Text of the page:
Report: Change in Montana law could mean more than 20,000 lose health care

GWU authors said state miscalculated and underestimated impacts of Senate Bill 100

Sen. Cary Smith, R-Billings, speaks in favor of Senate Bill 101, which would establish guidelines for direct provider care. (Montana Public Affairs Network)

Two of the country’s leading public health experts are weighing in on the Montana Legislature’s plan to limit Medicaid’s “continuous eligibility,” saying that calculations, estimates and numbers being given to the public are flawed and miscalculated, which will lead to as many as six times the number of people being kicked off the insurance rolls than lawmakers have said.

An analysis by George Washington University’s Department of Health Policy and Management, released a seven-page report on Thursday which calls into question the Montana Department of Health and Human Service’s assumptions and the fiscal note attached to Senate Bill 100.GWU report SB100

Senate Bill 100, which is being carried by Sen. Cary Smith, R-Billings, passed the Senate and now awaits action in the state House. One of the provisions of the measure would eliminate Medicaid’s “continuous eligibility.” Montana is one of two states that allows continuous eligibility, which means that once a person or child is enrolled in the program, they have coverage for a full 12-month period without needing to reverify.

SB100 would change that and allow the state to be in a constant state of checking and reverifying Medicaid recipients. Proponents of Smith’s bill argue this ensures that benefits are only going to those who need the public assistance, while opponents say the change would add to the administrative burden and kick enrollees off the program if their income varies slightly, and cause them to reapply as it fluctuates, adding to “churn.”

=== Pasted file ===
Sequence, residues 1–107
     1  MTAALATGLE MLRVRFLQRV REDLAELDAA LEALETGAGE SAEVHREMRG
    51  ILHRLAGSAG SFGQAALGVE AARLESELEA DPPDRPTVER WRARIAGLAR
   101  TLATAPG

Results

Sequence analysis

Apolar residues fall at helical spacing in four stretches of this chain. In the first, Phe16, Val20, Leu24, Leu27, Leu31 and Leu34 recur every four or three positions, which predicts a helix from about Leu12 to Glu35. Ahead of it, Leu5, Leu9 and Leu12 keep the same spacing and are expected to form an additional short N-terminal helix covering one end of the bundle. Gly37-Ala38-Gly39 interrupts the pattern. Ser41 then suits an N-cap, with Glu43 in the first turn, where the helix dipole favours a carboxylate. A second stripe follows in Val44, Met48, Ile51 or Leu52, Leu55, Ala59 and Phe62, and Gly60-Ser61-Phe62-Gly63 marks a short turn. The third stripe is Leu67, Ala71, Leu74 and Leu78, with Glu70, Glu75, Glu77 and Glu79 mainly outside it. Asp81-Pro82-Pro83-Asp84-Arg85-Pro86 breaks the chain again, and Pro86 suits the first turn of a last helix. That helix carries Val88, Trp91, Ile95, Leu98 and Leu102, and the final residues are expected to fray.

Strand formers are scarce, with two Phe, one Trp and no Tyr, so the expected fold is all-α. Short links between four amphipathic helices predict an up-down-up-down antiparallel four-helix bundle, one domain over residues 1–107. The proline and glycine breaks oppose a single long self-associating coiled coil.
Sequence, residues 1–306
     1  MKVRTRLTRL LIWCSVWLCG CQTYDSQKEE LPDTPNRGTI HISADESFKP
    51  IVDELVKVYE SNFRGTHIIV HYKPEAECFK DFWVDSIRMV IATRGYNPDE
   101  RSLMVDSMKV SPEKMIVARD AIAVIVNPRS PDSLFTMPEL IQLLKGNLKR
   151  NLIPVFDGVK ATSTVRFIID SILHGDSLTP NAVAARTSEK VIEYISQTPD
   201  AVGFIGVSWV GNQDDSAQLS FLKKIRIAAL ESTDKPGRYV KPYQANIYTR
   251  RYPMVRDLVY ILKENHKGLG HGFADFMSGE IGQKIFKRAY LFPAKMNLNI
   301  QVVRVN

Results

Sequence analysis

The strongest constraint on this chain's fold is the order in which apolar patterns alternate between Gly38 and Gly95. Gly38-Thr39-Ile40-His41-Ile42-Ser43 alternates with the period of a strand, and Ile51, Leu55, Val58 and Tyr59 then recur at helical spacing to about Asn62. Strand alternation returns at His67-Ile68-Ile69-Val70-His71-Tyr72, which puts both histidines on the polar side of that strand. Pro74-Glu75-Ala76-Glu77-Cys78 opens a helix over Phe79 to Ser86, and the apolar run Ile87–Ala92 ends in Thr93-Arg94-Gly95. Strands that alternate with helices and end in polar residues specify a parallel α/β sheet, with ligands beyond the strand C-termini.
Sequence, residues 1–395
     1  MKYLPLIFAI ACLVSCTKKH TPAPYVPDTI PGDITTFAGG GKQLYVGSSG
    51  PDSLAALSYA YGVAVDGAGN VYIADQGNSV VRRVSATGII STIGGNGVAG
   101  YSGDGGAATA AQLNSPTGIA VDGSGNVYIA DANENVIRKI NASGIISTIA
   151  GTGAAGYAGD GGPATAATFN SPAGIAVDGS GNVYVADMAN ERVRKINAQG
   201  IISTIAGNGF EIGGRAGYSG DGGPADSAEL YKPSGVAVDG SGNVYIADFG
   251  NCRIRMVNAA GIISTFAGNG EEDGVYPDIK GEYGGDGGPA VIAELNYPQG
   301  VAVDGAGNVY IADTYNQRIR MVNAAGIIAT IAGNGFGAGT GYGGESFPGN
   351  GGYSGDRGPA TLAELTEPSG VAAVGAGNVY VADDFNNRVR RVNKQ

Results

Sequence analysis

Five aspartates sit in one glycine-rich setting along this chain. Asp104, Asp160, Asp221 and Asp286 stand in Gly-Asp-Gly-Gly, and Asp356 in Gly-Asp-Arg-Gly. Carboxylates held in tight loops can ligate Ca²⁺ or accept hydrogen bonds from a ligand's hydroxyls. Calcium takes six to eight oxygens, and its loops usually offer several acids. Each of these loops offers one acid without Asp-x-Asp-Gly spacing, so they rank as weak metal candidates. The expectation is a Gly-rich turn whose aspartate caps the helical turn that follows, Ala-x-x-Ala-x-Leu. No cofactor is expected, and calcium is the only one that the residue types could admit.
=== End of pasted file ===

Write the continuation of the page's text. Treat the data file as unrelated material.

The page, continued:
The experts argue that the state misrepresented the amount of money it would save, underrepresented the number of people who would lose healthcare coverage, create more expensive medical emergencies, and used flawed calculations to make the effects of the bill seem not so severe.

Calls or requests to the bill’s sponsor, Sen. Smith, went unanswered Friday, as did a request for comment from the state budget director’s office.

A copy of the report was also forwarded to the Department of Health and Human Services for review and possible comment, but as of Friday afternoon, none of those departments had commented on the findings.

Miscalculation

The authors of the report, Drs. Leighton Ku and Erin Brantley, said that Senate Bill 100 and the termination of continuous eligibility “will lead to gaps in coverage for a far larger number of people.”

Ku and Brantley said the estimates that were presented by Smith and the department underrepresented the number of people who would lose coverage in Montana by a factor of six times.

“We estimate that about 22,000 Medicaid and CHIP beneficiaries would be harmed by the loss of 12-month continuous eligibility policies each year,” they wrote.

The authors also pointed out that gaps in coverage, especially when dealing with chronic medical conditions, could lead to more expensive care in the future, while also putting some lives in jeopardy without access to medical care.

Ku and Brantley said that research shows that average condition of patients with continuous coverage tends to be better because the access to health care means more prevention.